Moving air for indoor comfort, safety, health, and productivity as well as material handling.
Air movement products (fans and blowers) draw fresh, outdoor air into non-residential buildings; circulate air throughout; and exhaust stagnant, smoky, greasy, unpleasant, and contaminated air and fumes from a building. Blower products can move airborne light materials such as sawdust, wood chips, dust, and other fine particles.
ROOF MOUNTED FANS
Roof curb mounted fan and ventilator products supply and exhaust applications for commercial, institutional and industrial installations.
Designed for inline installations and offering a wide performance range. Fans are used for clean air, sound sensitive, industrial or grease-laden exhaust air applications.
Ductless design uses transfer fans to dilute and remove contaminants and control smoke. These move air towards exhaust areas.
WALL MOUNTED FANS
Includes both direct and belt drive axial propeller fans suitable for in wall mounted applications.
Fans that improve working conditions. These fans recirculate air and cool workers in many industrial settings.
CEILING EXHAUST FANS
Ceiling exhaust fans are ideal for clean air applications such as bathroom and general exhaust.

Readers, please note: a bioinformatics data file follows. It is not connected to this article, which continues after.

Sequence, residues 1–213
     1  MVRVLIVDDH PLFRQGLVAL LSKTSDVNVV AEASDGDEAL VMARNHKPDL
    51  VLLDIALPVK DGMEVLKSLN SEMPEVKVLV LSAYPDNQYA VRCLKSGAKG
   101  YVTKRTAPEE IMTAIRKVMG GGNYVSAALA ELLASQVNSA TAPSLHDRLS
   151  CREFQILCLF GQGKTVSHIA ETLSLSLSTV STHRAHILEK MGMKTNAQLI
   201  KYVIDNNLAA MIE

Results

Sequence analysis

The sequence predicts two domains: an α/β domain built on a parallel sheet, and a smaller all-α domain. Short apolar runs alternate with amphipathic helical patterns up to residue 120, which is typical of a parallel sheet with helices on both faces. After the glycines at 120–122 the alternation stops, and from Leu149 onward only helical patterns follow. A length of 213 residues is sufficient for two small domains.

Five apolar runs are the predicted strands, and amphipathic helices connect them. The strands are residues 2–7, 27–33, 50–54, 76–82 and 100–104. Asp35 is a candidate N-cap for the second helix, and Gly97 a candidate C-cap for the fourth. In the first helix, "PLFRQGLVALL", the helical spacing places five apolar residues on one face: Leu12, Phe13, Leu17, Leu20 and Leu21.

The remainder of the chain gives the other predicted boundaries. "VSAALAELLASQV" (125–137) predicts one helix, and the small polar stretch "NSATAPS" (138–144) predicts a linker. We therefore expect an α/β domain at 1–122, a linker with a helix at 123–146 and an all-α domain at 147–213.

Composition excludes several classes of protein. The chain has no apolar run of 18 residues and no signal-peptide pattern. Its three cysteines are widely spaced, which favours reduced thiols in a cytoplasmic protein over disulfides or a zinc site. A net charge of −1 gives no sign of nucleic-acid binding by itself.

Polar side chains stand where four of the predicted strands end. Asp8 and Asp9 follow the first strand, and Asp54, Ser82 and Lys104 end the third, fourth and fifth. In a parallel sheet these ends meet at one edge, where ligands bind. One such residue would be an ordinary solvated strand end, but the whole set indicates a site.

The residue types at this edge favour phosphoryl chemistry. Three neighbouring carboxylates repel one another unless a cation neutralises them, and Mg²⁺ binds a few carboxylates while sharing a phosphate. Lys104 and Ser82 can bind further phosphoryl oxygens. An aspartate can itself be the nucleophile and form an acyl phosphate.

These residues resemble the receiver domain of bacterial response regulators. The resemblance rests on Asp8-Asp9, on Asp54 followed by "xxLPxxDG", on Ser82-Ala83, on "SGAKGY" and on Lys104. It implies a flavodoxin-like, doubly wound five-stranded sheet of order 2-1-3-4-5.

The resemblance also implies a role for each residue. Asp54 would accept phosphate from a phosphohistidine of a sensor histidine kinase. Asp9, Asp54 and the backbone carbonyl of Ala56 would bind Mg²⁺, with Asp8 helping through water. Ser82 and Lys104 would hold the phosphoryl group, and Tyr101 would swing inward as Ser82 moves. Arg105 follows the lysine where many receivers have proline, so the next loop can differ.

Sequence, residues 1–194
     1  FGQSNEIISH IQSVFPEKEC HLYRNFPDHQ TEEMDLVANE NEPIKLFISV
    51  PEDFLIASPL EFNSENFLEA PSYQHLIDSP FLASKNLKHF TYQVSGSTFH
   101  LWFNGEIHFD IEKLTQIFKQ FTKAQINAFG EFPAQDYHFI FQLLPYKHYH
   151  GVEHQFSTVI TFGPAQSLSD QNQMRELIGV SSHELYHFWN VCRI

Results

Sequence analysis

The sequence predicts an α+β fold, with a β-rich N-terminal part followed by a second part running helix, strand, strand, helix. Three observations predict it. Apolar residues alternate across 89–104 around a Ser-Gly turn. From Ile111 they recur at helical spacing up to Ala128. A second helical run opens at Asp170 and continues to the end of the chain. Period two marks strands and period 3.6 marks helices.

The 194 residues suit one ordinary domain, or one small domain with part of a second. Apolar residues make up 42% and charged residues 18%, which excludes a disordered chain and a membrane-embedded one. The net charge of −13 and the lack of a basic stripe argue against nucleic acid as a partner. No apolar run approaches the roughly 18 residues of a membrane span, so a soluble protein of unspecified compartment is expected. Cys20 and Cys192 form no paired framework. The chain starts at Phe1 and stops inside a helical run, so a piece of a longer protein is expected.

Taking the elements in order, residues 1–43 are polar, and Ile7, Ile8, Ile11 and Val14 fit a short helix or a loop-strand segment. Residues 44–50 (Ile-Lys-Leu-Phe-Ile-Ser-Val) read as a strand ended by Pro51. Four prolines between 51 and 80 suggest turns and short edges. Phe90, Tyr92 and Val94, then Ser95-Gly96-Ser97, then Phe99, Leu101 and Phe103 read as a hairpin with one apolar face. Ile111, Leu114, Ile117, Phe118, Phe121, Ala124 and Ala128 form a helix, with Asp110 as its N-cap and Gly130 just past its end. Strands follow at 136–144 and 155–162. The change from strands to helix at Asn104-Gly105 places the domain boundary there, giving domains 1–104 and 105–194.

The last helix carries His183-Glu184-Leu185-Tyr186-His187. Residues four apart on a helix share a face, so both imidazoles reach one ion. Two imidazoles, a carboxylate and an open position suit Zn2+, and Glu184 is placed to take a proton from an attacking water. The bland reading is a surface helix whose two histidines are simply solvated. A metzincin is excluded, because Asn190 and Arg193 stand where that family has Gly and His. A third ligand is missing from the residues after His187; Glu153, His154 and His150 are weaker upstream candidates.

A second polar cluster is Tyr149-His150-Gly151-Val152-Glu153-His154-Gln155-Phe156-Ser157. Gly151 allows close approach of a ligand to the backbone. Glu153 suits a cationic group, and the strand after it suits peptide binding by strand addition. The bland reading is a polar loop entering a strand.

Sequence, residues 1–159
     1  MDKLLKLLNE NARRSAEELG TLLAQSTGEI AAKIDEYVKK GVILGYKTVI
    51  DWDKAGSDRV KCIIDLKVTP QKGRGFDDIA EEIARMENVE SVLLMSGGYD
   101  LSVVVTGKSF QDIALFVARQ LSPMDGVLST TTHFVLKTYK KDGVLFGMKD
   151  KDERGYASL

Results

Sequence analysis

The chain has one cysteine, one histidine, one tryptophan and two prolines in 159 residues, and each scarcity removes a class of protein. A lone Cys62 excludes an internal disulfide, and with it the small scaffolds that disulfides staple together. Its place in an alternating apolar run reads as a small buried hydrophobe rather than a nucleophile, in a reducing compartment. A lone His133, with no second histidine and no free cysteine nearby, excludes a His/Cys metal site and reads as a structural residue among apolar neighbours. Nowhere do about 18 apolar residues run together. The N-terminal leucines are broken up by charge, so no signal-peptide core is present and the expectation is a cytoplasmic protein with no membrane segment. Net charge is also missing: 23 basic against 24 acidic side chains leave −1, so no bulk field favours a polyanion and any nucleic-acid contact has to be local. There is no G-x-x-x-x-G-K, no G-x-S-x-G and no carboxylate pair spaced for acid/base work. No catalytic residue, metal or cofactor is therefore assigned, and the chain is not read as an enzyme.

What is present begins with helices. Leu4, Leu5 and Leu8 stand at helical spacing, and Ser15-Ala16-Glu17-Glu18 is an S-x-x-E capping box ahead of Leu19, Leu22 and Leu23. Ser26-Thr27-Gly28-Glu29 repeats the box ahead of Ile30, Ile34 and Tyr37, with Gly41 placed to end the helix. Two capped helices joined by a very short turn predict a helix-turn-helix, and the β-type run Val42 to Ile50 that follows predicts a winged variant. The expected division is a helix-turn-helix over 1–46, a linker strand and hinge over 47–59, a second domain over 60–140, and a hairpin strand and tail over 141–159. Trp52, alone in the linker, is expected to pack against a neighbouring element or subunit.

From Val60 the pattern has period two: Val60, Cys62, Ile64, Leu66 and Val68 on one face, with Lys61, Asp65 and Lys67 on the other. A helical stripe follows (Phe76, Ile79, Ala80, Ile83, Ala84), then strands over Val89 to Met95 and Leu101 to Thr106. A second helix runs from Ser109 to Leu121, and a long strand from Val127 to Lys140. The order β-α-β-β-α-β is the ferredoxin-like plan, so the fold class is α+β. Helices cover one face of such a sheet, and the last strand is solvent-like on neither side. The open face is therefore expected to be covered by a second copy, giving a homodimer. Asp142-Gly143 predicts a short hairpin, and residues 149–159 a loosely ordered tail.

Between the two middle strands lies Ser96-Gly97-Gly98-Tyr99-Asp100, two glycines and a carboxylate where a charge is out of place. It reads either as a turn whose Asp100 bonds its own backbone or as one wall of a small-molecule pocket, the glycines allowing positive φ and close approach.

Low flow and high pressure air movement for removing hot air, moisture, fumes and small, lightweight particles such as dust, wood chips, and paper trimmings.
LABORATORY EXHAUST FANS
Fan systems designed and engineered to remove hazardous or noxious fumes meeting laboratory requirements. Exhaust effluents have high discharge velocities and plume height.
FUME EXHAUST FANS
Pre-engineered, centrifugal exhaust systems designed to safely remove and disperse contaminated air in commercial, institutional or industrial applications.
Compact and economical, plenum fans are designed to operate individually or as a multi-fan array in air handling and pressurized plenum applications.
Roof support structures for fans and ventilators on flat, pitched, or ridged roofs.
Damper Application Considerations for Laboratory Exhaust
Understanding damper design and applications in laboratory exhaust systems is critical to the success of the design, installation and control of the laboratory exhaust system.
George R. Rieveschl Hall University of Cincinnati
Install a laboratory exhaust system that effectively exhausts laboratory fumes out of the building and away from nearby homes and dormitories while minimizing energy usage.
Grand Canyon University College of Arts and Science Building
Grand Canyon University officials wanted a laboratory exhaust system that would be both effective at removing laboratory fumes and cost-effective to operate.